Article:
One of the most important aspects of my business is helping companies with their relationships with reps. Certainly, it’s no secret that the rep-principal relationship is one of the most challenging that industry professionals face. This relationship is particularly challenging in the PCB industry with its tremendous ups and downs and consistent struggles with the importance of sales and marketing.
In most instances, the scenario goes something like this: A company decides that they need more sales and want to leverage their budget, so they try to sign a network of reps (this is not easy, but that’s for another column). Then, the company signs the reps (note that they should visit the reps in the near future or have the reps visit them; a good rep would insist on doing this), and then forgets about them, expecting that if the reps are good, then the company can expect orders to come rolling in at any time.
Soon, the company starts receiving quotes, but the chances are that they are for all of the wrong kinds of things. If they are a high-tech military fabricator, all they will see are requirements for double-sided boards, and if they are a flex company, they are only receiving quotes for rigid boards. Soon, they realize that this is not going to work and that the reps they hired are no good. Worse yet, after a series of these failed efforts, they come to the conclusion that the rep thing just doesn’t work.
Here is where this company went wrong:
- The principal has not relayed to the rep what business they are in or what their niche is, and the chances are that they don’t know either
- They have not communicated with their reps after the initial courtship and signing; they have not gone out to the territory to visit the reps nor insisted that the reps visit their facility
- Sometimes, they have not even communicated to their own team that they have signed new reps
- They have not given the reps the right tools (e.g., paperwork, copies of quotes, orders, and invoices) to do their job
- In short, they have invested little or no time in managing the reps
There is a very old adage that is as true today as it was 50 years ago: “You will get out of your reps what you put into them.” Follow that rule, and everything will fall into place. Now, let’s talk about how to find the best reps for your company.
To find and sign new reps, choose key territories, and make sure that you know which territories are best suited for new reps. I prefer account-by-account; they can have a territory, but they have to “register” the accounts they want and promise to call on. Then, once the reps are signed, you need to educate them and develop territory and follow-up plans with them.
Next, you need to ensure that you develop a great partnership with your reps, which means that you should do the following:
- Have minimum house accounts
- Have clearly defined responsibilities and territories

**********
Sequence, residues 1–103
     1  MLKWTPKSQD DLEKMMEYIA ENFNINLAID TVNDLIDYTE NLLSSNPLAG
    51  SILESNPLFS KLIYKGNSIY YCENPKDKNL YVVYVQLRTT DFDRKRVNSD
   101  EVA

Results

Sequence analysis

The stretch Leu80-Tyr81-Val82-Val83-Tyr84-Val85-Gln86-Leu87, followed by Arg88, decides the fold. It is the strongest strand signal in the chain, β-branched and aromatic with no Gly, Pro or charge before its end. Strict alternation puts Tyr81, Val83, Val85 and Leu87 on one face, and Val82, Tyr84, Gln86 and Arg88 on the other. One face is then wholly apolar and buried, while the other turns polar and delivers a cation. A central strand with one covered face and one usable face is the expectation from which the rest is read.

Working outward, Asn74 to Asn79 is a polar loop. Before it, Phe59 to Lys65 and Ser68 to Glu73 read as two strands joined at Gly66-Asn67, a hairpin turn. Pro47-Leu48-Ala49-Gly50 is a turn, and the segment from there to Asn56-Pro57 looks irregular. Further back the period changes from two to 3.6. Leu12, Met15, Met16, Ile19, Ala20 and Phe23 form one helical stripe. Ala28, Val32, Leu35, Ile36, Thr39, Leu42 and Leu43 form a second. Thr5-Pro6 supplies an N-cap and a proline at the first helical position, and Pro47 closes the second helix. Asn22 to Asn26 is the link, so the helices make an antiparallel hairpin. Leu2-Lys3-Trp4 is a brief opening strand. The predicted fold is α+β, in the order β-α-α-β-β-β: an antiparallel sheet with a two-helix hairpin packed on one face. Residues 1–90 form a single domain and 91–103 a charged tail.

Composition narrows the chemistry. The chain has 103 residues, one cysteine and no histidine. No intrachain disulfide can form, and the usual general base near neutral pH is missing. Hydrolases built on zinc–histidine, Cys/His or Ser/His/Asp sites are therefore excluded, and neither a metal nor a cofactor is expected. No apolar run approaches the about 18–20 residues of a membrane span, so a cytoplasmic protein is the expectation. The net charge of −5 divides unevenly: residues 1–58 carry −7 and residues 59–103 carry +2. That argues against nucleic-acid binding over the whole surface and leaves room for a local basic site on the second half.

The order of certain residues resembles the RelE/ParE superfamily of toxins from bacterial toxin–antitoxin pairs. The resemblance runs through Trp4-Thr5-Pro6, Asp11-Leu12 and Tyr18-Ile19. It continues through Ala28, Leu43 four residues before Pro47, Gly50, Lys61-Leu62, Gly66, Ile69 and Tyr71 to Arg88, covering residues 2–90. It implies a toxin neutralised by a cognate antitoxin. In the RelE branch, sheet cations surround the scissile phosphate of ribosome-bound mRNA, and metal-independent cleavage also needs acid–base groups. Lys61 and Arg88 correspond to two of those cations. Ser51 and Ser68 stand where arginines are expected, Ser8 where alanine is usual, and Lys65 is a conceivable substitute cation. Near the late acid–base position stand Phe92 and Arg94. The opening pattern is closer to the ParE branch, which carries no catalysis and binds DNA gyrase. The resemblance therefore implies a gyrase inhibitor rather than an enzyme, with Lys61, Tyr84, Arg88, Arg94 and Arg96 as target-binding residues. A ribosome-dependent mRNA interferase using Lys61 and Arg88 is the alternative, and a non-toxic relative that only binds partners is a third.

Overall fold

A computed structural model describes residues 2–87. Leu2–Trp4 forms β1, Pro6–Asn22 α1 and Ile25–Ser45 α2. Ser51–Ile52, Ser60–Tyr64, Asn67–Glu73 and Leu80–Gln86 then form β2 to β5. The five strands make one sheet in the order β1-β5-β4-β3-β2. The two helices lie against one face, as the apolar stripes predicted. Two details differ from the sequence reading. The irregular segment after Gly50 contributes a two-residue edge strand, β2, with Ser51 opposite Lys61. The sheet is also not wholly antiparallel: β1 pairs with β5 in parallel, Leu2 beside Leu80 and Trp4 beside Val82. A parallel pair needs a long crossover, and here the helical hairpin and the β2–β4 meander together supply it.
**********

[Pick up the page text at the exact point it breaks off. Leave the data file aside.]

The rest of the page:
- Pay on time (this is critical)
- Provide the right paperwork
- Provide technical support
- Have strong inside sales
- Have a solid existing customer base
- Be financially strong
- Be fair
- Have a solid and well-defined niche
- Have a good strategy
- Have a good marketing plan
- Provide lead generation
- Have excellent performance
- Have a great product
The most important thing you have to do is treat your reps with respect. Treat them as a true partner; treat your reps the way you want to be treated.
Here are some key elements to a rep-principal relationship that will guarantee both short-term and long-term success:
- Communicate your strategy to the reps, including very specific guidelines as to the type of customers and business we are going after
- Be as aggressive as possible when it comes to attracting, winning, and keeping new accounts, especially at the beginning of the relationship when your support of the rep is particularly crucial
- Generate leads for them to follow up and have a great lead generation program
- Create a new account incentive clause that will be added to their contracts, which should be focused on encouraging the rep to find the right accounts as quickly as possible; for example, how much would you pay for a new account?
- Institute monthly rep team meetings to make sure that the lines of communications are kept open
- Institute regular one-on-one meetings with the reps so that you can talk about their progress and find ways to succeed together
- Set up a plan for regular customer visits with the reps in their territories
- Make the reps so much a part of the team that you can count on them to help you find other reps in territories that are not yet covered; if you have the right rep, you can even offer them the opportunity to add territories on their own as long as they find the right reps to join their firm
And finally, treat your reps as part of the sales team. Make them accountable. Develop goals, forecast, and then stick to these throughout the year. My number one pet peeve is salespeople without goals and forecasting. How can you go in any direction if you don’t know your final destination? Instead, set realistic goals with your reps (e.g., a month-by-month, account-by-account forecast each year; a goal for the number of new accounts the rep will bring in, how much time the rep will dedicate to your account). In the end, it all comes down to communication and mutual understanding; if you have these two things, you will have a successful rep-principal partnership.
It’s only common sense.
Dan Beaulieu is president of D.B. Management Group.